Stocks Hoping for End to 5-Day Slump

Athabasca, Filo in Focus

Gains in tech and materials shares on Tuesday helped Canada's main stock recover from a five-day selloff that was triggered by mounting worries about a global economic downturn.

The TSX Composite regained 215.85 points, or 1.2%, to break for lunch Tuesday at 18,542.89.

The Canadian dollar faded 0.02 cents to 72.91 cents U.S.

Colliers International Group fell $1.41, the most on the TSX, to $129.90, after Scotiabank assumed the coverage on the stock with sector perform rating versus sector outperform.

In energy stocks, Athabasca Oil gained 14 cents, or 7.5%, to $2.02, while Precision Drilling moved ahead $4.34, or 6%, to $70.18.

In materials, Filo Mining took on 93 cents, or 6.5%, to $15.23, and Lundin Mining advanced 30 cents, or 4.8%, to $6.58.

The TSX has lost 5.2% so far this month and is headed for a second straight month of decline. This, as worries about the economic impact of central bank tightening overshadowed domestic data showing an easing of inflation pressures.

Bank of Canada Governor Tiff Macklem said on Monday that the central bank must hike interest rates to slow spending and give the economy time to catch up.

The central bank has lifted rates by 300 basis points in just six months, with traders pricing in another 50-bps hike next month.


ON BAYSTREET

The TSX Venture Exchange recovered 14.04 points, or 2.5%, to 581.43.

All but one of the 12 TSX subgroups were positive, with energy stocks rising 3.4%, materials surging 2.3%, and health-care haler by 2.1%.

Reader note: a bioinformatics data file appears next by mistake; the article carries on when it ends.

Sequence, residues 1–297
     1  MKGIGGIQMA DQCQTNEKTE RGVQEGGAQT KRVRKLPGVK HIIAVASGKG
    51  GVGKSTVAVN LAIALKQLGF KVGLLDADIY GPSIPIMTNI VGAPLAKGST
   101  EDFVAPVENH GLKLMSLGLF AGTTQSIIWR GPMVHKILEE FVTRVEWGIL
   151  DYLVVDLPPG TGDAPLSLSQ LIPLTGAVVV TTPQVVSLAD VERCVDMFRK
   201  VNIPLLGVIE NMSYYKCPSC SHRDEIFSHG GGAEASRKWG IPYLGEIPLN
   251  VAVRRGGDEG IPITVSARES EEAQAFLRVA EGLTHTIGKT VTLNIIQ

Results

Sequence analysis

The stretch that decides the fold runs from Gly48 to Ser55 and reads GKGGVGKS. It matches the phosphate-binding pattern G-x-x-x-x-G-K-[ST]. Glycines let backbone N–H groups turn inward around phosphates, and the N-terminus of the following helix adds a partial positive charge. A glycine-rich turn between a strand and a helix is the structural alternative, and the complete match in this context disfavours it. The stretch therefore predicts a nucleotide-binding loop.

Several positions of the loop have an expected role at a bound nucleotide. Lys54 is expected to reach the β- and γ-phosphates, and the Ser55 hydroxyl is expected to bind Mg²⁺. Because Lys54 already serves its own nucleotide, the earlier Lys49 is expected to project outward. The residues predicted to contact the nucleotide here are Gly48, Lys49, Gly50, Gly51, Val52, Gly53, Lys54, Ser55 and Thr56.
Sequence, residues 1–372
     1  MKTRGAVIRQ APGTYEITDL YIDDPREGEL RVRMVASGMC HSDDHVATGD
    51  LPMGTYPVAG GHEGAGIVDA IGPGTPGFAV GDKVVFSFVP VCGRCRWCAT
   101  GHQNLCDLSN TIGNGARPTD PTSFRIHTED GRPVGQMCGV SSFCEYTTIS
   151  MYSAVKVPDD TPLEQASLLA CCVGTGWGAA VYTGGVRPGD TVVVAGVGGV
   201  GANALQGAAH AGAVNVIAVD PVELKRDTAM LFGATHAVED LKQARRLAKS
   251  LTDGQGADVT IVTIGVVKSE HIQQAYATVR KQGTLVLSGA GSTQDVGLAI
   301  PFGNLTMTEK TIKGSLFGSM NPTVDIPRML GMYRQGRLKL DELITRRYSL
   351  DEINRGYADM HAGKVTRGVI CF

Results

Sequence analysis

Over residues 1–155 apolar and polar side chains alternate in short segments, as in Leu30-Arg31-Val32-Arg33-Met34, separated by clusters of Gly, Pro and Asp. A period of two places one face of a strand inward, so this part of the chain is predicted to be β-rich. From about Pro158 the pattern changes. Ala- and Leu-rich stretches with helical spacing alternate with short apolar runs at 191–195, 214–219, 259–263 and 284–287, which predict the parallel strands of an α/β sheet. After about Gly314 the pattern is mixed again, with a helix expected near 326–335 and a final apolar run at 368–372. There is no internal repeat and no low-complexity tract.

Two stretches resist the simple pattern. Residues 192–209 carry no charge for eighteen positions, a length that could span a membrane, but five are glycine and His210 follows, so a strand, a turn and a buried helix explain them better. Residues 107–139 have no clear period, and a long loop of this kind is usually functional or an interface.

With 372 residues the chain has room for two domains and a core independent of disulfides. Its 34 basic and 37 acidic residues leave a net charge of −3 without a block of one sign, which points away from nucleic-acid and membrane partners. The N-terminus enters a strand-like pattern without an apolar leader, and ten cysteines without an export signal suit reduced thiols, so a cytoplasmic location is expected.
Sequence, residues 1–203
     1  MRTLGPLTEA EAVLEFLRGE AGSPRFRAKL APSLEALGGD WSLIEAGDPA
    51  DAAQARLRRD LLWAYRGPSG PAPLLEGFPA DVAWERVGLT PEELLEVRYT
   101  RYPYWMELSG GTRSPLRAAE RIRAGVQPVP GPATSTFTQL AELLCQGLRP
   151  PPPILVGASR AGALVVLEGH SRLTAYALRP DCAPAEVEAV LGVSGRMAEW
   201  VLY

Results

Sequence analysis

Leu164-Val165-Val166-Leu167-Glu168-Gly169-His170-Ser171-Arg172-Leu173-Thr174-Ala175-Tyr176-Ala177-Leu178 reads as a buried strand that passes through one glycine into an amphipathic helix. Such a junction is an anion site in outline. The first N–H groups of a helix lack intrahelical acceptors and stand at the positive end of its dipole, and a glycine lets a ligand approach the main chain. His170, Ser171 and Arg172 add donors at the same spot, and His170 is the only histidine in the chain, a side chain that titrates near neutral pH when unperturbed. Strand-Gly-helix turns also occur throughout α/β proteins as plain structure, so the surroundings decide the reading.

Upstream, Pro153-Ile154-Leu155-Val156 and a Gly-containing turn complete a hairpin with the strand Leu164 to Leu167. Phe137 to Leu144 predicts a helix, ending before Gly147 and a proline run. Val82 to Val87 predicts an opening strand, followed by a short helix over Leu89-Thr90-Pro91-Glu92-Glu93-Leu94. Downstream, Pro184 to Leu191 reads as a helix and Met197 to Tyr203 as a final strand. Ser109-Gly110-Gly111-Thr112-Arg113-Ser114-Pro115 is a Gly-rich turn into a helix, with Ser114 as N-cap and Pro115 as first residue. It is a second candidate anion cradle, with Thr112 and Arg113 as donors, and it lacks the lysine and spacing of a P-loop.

Only utilities missed the party, backtracking 0.3%.

ON WALLSTREET

Stocks rose Tuesday, as the Dow Jones Industrial Average and S&P 500 bounced back slightly from their lowest closing levels in nearly two years.

The 30-stock index came off its highs of the morning, but remained positive 68.37 points to 29,329.18.

The S&P 500 progressed 14.78 points to 3,669.82

The NASDAQ Composite stayed afloat 87.78 points to 10,890.78.

The move comes after five straight days of losses for stocks, with the S&P 500 closing at its lowest level since 2020.

The Dow dropped more than 300 points on Monday, putting it in a bear market after falling more than 20% below its record high. The 30-stock average also posted its lowest closing level since late 2020.

The British pound rebounded slightly after plunging to a record low against the dollar earlier in the week. Sterling traded more than 1% higher at $1.087 per dollar after hitting an all-time low of $1.0382.

Consumer discretionary rose 1.6%, boosted by cruise line stocks that spiked after news that Canada would drop COVID-19 travel restrictions. Royal Caribbean Group was up 6.1%, and Norwegian Cruise Line Holdings climbed 4.9%

Information technology stocks advanced 1.3%, helped by solar stock Enphase Energy, better by 5.3%, and chip company Nvidia, which jumped 3.3%.

Treasury prices lost ground, pushing up yields to 3.96% from Monday’s 3.90%. Treasury prices and yields move in opposite direction.

Oil prices regained $2.25 to $78.96 U.S. a barrel.

Gold prices jumped $6.30 to $1,639.70 U.S. an ounce.